The Mix: Deeply Rooted Dance, Kurt Elling concerts and more things to do Oct. 15-21
There’s so much to do in the week ahead in Chicago, both online and in-person.
The first 25
“Deeply 25: Beyond Dance … The Celebration Begins” launches Deeply Rooted Dance Theater’s 25th season with a fundraiser featuring in-person and virtual performances. Among the pieces are Kevin Iega Jeff’s “My Country Tis of Thee,” featuring the music of Mahalia Jackson; Joshua L. Ishmon’s “When Men,” with narration by Charlie Chaplin and music by Paolo Nutini, and Jeff’s “Surrender,” with music by Terence Trent D’Arby and Hans Zimmer. Video highlights of the company’s history are presented between performances. At 7 p.m. Oct. 17, Athenaeum Theatre, 2936 N. Southport. Tickets: $25, $150 (virtual), $250-$1000 (in person). Visit deeplyrooteddancetheater.org.
The Constitution considered
The last live performance many theatergoers in Chicago attended before COVID-19 shut down the city was the then just-opened Broadway in Chicago presentation of Heidi Schreck’s wise and hopeful “What the Constitution Means to Me.” Now those who missed out can catch the Tony Award-nominated play when it comes to Amazon Prime on Oct. 16. The play begins with Schreck’s 15-year-old self in awe of the Constitution and then moves on to an examination of the document’s relation to her and the women in her family, specifically in regards to the 14th amendment and its equal protection clause. Visit amazon.com.
On the road
South African photographer Jo Ractliffe began her career at the height of violent suppression of the anti-apartheid resistance. But instead of following the social documentary path, she instead examined the national character and history of the country by chronicling its landscapes. The exhibit “Jo Ractliffe: DRIVES” features photographs, videos, book art and multimedia installation. From Oct. 17-April 26 at the Art Institute of Chicago, 111 S. Michigan. Admission: $14-$25 (advance tickets required). Visit artic.edu.
Musicians & a message
Getting out the vote is the goal of two virtual music events featuring a phenomenal lineup of artists. “All Souls to the Polls” (7 p.m. Oct. 17-18; free, 50to50concert.com) includes a culturally diverse group of performers from all 50 states ranging from California’s Los Lobos to South Carolina’s Ranky Tanky to New York’s Klezmer Brass All Stars. “Voice Your Vote” (5 p.m. Oct. 18; $15; citywinery.com/chicago), curated by singer Valerie June, benefits Fair Fight and Movement Voter Project and features, among others, Brittany Howard, Jon Batiste, Kandace Springs, Rhiannon Giddens with Resistance Revival Chorus and Toshi Reagon.
Corey Bradberry and Mack Gordon’s new adaptation of H.G. Wells’ “The War of the Worlds,” with a nod to Orson Welles’ legendary 1938 radio play, debuts as an online audio drama titled “A War of the Worlds.” The playwrights follow the contours of Wells’ story of a Martian invasion but move the action from 1890s England to present-day Illinois, placing the story in Chicago and other locations around the state. Produced by Theatre in the Dark, a company dedicated to making theater exclusively through sound, the audio drama will be performed live online six nights a week from Oct. 15-Nov. 21. Tickets: pay-what-you-can. Visit theatreinthedark.com.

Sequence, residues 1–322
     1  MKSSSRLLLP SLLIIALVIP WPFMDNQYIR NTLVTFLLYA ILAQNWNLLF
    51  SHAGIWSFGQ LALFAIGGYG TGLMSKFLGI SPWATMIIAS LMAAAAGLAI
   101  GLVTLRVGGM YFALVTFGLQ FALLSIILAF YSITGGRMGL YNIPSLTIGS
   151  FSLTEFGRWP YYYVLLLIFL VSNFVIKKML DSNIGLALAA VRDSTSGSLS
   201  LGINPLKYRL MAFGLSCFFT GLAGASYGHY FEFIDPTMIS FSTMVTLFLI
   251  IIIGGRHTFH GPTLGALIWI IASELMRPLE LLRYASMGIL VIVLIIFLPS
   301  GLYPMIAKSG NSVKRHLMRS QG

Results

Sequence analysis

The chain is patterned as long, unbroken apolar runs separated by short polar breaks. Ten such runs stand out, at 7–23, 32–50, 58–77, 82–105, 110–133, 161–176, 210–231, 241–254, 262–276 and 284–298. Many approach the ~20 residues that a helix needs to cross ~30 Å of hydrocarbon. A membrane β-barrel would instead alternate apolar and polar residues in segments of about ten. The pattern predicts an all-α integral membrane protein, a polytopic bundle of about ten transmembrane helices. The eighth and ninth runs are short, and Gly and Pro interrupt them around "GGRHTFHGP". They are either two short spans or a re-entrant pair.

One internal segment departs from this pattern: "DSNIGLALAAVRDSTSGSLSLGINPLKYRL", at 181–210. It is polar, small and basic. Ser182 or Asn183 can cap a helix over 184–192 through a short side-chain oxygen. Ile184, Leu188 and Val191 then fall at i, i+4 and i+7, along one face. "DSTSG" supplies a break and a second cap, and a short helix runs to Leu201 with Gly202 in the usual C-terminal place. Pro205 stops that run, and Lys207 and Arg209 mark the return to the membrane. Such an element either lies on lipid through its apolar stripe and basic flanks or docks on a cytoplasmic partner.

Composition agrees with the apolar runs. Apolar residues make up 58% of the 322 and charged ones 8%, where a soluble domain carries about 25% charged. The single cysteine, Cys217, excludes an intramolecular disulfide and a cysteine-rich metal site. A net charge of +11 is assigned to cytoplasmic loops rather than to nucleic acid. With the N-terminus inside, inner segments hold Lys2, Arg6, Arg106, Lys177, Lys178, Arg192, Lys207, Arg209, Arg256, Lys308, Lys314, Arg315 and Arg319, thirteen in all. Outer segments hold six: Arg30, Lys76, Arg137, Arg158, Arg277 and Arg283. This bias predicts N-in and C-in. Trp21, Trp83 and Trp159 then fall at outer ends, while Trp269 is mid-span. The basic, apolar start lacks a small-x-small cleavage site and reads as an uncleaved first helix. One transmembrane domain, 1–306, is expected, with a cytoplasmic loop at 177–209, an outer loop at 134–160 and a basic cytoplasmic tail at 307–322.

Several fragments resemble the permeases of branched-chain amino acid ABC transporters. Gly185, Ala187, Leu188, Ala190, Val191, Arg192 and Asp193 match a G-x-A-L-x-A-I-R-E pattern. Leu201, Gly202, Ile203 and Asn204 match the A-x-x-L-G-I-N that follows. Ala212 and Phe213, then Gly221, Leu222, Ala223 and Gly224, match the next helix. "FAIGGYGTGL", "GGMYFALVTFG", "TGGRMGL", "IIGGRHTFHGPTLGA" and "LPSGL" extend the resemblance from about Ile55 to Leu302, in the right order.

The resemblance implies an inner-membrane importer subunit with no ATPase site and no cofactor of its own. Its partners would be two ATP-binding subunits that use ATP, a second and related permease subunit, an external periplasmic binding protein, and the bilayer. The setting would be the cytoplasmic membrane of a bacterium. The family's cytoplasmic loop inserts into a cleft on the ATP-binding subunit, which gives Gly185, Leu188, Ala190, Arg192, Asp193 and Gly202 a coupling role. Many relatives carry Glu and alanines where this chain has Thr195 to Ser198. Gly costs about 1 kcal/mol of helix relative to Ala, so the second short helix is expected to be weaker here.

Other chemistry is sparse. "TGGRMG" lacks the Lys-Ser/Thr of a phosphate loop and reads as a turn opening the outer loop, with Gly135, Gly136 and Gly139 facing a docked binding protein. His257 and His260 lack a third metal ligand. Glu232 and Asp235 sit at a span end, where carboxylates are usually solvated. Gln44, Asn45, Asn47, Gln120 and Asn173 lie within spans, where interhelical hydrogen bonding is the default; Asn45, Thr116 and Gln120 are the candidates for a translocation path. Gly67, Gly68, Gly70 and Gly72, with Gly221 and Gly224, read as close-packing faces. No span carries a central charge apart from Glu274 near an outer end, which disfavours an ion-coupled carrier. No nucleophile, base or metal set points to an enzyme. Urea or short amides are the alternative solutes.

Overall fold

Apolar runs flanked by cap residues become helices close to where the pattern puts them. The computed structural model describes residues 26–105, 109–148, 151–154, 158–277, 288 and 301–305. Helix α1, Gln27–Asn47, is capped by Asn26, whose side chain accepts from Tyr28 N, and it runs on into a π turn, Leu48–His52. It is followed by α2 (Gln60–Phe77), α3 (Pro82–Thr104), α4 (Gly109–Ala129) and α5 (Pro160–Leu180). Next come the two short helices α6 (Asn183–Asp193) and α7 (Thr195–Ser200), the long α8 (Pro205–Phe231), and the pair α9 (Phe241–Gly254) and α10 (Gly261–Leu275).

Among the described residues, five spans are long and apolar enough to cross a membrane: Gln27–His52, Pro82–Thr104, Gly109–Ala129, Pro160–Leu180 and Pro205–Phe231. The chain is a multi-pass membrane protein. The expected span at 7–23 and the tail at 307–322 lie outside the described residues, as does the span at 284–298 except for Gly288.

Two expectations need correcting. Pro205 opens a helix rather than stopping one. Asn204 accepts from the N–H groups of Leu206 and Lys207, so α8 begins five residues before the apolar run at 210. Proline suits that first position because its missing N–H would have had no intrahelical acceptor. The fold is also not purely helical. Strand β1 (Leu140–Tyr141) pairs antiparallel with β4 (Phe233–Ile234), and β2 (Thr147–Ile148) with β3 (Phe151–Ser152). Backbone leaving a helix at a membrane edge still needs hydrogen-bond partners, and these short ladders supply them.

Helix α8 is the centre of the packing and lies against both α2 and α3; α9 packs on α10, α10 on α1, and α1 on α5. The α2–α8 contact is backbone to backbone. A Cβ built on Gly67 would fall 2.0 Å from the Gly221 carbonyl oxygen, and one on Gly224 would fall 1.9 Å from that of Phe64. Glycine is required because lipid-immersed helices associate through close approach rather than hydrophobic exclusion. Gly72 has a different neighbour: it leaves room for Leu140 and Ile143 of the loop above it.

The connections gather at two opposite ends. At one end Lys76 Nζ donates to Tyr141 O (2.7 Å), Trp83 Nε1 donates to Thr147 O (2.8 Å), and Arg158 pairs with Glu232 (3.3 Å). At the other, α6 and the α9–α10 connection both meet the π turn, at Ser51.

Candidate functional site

The Chicago Sinfonietta opens its 33rd season with “Common Ground: Collective Stories.” Among the works performed are Aaron Copland’s “Fanfare for the Common Man” and the world premiere of artist-in-residence Kathryn Bostic’s “Portrait of a Peaceful Warrior,” a work commissioned by the Sinfonietta. Stream the performance at 7:30 p.m. Oct. 17. Tickets: $45. Visit chicagosinfonietta.org.
Live at Green Mill
Grammy Award-winning vocalist Kurt Elling performs live-streamed concerts from the Green Mill at 3 and 8 p.m. Fridays through Nov. 13 (no show Nov. 6). The concerts commemorate the silver anniversary of Elling’s Blue Note debut, “Close Your Eyes.” On Saturdays, he hosts a series of performances by modern jazz artists: soulful jazz vocalist Lizz Wright (Oct. 17) and innovative drummer Makaya McCraven (Oct. 24). Tickets: $15 per show. Visit greenmilljazz.com.
Collaboraction’s “Peacebook 2020” kicks off Oct. 17 with two free online programs with Chicago artists/activists premiering short new works about peace in Chicago, followed by a month of additional free screenings and online conversations. The opening event features work by Ada Cheng, Darling Squire, Matthew LaChappelle, Luzzo, Vernon B. Gooden, Jasmin Cardenas, Mia Park, Teh’Ray Hale Jr. aka PHENOM, Sami Ismat and Willie Round. Visit collaboraction.org.
First Folio Theatre streams “Madmen & Prisoners: Two Tales By Poe,” featuring “The Tell-Tale Heart” and “The Pit and the Pendulum.” Both are excerpts from the company’s 2018 production of “The Madness of Edgar Allan Poe” filmed in the haunted mansion on the grounds of Peabody Estate in Oak Brook. The tales stream from Oct. 20-Nov. 1. Tickets: pay-what-you-can. Visit firstfolio.org.
Mary Houlihan is a local freelance writer.